A collections box

A war memorial

A war memorial

I lucked out on the first day I went down to the old town. You have to buy a multi-ticket packet and use one ticket per attraction. I wasn’t sure where to buy a ticket when I got down there, so I asked a couple of Canadian women outside the Tran Family Chapel where to go, and they said, “oh actually, we’re done for the day, take the rest of our tickets.” Excellent!

The Tran Family Chapel

The Tran Family Chapel is one of the names for this 200-year-old building, constructed in the style of a Vietnamese garden house. The central entrance was only used on very high holidays, and normally men and women enter from different side entrances. The altar was surrounded by small, thin boxes that I believe contained the ashes, or perhaps the mementos of deceased members of the family. You can’t walk through the place by yourself; a guide gives a short speech on the architecture of the building (Japanese-style three-tiered wooden beams; a door sill that trips you up if you’re not careful, so you are forced to look down when crossing it, thus showing respect for the ancestors as you cross into their space) and then brings you into the back room, which is full of ceramics, coins, and trinkets you can buy as souvenirs. It wasn’t too hard a sell, happily.

Tran Family Chapel

Tran Family Chapel

Tran Family Chapel waiting room

Tran Family Chapel waiting room

Part of the large collection of ceramics, coins, and statuary for sale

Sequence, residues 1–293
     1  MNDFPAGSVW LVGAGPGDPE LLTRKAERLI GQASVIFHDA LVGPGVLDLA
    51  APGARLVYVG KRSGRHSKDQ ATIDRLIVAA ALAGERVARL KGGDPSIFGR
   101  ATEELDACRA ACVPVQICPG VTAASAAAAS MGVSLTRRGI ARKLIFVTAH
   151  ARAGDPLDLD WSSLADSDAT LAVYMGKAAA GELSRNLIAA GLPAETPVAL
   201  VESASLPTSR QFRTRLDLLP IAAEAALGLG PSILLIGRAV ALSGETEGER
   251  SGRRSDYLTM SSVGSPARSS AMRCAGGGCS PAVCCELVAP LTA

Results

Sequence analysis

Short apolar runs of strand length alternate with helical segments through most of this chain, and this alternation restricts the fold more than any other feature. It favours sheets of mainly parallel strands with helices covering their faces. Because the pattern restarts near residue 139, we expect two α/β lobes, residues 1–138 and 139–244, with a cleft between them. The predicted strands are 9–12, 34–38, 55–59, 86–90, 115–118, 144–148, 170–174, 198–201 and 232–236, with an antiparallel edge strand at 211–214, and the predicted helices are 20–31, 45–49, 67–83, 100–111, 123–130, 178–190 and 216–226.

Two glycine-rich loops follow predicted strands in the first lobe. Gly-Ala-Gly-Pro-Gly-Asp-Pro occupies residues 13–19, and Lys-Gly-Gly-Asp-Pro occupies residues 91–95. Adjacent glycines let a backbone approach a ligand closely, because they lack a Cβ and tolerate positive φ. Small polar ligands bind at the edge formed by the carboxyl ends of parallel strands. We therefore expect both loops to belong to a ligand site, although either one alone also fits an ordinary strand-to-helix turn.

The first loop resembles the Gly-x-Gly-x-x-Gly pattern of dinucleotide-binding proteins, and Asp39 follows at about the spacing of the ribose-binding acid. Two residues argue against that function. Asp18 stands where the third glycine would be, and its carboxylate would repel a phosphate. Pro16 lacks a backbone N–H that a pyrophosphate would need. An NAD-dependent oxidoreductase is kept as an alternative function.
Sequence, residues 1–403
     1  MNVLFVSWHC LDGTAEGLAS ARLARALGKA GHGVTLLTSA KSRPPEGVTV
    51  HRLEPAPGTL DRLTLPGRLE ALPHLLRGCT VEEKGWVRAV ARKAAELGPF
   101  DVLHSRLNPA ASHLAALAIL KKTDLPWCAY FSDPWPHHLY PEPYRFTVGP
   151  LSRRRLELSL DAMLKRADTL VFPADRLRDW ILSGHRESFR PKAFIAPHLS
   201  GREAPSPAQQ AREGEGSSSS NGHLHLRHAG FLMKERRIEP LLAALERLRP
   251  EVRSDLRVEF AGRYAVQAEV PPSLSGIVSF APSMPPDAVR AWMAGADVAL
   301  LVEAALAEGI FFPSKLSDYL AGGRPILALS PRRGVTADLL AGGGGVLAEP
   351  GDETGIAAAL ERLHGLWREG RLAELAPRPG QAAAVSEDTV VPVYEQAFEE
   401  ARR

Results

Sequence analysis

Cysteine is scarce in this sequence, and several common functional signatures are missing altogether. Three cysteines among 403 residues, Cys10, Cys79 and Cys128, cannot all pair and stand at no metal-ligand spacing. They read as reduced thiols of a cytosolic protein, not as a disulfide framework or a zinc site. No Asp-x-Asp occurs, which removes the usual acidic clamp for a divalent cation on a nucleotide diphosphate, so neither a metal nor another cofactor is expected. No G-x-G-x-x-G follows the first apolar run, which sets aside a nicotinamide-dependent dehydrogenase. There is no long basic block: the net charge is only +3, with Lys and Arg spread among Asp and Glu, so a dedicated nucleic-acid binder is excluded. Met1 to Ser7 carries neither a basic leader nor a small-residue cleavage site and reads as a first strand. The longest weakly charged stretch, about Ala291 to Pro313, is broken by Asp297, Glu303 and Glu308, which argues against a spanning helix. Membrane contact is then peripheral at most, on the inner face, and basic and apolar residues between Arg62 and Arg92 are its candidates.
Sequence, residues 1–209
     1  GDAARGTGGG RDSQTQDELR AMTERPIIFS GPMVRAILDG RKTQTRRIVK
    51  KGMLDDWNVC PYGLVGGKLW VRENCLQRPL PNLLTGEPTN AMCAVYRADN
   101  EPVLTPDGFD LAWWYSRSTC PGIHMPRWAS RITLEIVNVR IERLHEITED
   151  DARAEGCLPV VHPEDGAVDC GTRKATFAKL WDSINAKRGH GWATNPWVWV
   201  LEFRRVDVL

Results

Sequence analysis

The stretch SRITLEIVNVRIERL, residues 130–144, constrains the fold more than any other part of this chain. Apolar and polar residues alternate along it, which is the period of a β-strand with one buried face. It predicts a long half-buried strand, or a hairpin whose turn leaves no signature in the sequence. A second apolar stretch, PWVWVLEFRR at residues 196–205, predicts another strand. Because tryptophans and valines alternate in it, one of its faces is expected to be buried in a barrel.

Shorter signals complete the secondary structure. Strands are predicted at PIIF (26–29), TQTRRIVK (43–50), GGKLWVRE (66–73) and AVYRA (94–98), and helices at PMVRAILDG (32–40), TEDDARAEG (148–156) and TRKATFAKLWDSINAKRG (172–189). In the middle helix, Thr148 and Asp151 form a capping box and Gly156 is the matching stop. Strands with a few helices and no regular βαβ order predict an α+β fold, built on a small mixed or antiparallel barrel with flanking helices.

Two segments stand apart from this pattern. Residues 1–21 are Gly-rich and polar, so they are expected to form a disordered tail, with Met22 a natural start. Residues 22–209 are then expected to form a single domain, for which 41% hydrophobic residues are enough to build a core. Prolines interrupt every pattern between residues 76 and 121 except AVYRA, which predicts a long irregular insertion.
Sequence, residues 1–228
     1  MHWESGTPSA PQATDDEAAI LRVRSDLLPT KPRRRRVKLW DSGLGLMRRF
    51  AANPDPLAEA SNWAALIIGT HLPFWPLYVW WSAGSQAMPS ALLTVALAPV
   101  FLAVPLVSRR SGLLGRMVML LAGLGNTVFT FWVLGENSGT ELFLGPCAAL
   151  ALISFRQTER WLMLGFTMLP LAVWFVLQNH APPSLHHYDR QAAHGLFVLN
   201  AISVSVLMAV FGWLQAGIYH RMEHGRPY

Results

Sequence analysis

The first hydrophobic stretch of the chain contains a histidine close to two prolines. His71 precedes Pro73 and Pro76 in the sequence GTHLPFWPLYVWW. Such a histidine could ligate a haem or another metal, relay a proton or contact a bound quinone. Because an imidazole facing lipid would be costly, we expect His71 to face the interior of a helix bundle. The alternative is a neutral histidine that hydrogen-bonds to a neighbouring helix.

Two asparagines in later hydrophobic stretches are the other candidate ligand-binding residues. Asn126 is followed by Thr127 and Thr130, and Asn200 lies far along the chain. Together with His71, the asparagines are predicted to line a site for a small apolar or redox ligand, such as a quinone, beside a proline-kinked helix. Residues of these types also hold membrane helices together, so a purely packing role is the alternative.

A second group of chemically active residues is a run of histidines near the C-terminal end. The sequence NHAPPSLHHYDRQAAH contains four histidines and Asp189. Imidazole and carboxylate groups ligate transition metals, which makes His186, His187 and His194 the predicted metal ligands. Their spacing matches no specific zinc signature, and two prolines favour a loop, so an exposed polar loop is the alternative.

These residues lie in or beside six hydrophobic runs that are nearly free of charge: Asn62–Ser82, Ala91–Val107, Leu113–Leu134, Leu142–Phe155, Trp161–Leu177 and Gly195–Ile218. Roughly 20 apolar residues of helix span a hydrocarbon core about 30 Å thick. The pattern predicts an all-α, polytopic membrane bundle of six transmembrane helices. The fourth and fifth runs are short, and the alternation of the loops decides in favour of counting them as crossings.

Part of the large collection of ceramics, coins, and statuary for sale

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The Tan Ky House

Mother-of-pearl inlay in the Tan Ky House

Mother-of-pearl inlay in the Tan Ky House

The Tan Ky House is the most visited Chinese house in Hoi An. It’s over 200 years old, and it’s been owned by the same family that whole time. An older woman, sixth generation of that family, handed out tea to visitors and smiled serenely as each tour leader pointed out her importance.

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One of the major reasons the town is a World Heritage sites, these old houses are all built in the same way: doorway, opening foyer with altar, outdoor courtyard, back room/kitchen. Sometimes beds were set up in the back, but it looked like most bedrooms were upstairs (we were only permitted to see the downstairs in each place). Guides pointed out the Chinese elements (the writing, the shophouse layout), the Japanese elements (the three-tiered wooden beams in the foyer), and the Vietnamese elements (the building materials and particular family touches) that appear in each house.

Markings of how high the floodwaters rose over the years

Markings of how high the floodwaters rose over the years

The river has flooded many times over the last few decades, and one wall of the Tan Ky house was chalked up with how high the waters rose during various floods. The houses looked good for how many times they’ve been submerged.

Coins for the future

Coins for the future

The lacquered woodwork found in the Tan Ky house and the Quan Thang house (another place I visited), and mother-of-pearl inlay in the former, were beautiful. The inlay looked like calligraphy, and some of it even made Chinese characters out of “brush strokes” in the shapes of birds, which was just lovely. The woodwork in all the houses shines from polishing, revealing pastoral scenes of flowers, animals, and twisting plants.